As a PhD student at the University of Liverpool, I attended EXARC 2017 in Leiden where I presented a poster on my current experimental research. The project aims to determine the mould materials used for casting Roman silver flans during the late third century. Another aim of the experimental investigation to establish the mechanisms behind direct enrichment and how this surface enrichment process is impacted by the mould material used. Finally, the research will try to reconstruct the process used to artificially silver, quaternary alloys introduced around the sole reign of Valerian. The experimental blanks created will then be analysed using O.M and SEM-EDS and compared against the ancient examples. The overarching goal is to better understand the manufacturing methods employed at Roman mints in the creation of their silver denominations.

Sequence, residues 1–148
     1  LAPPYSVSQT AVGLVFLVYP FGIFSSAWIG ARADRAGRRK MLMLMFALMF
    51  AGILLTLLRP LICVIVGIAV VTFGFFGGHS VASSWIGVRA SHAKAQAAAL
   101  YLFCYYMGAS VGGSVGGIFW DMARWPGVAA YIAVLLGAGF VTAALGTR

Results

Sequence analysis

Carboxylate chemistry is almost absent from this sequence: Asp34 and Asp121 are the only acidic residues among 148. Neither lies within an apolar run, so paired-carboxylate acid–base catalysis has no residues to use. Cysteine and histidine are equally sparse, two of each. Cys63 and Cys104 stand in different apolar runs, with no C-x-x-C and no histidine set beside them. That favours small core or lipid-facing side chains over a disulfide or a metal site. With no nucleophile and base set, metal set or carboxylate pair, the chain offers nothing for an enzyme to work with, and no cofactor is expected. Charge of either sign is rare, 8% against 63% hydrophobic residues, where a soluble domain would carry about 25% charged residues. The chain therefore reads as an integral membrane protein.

Attendance at the conference led to the realisation that I would like to pursue experimental archaeology as a career. The conference really opened my eyes to the scope of projects that are currently in progress and how accessible this form of research is to a wider audience. Another inspiring aspect for me was the projects, which are applying knowledge gained through studying ancient cultures to help societies today. I believe experimental archaeology as a profession has a lot to offer the wider society and is personally something that I feel has a lot to offer modern communities.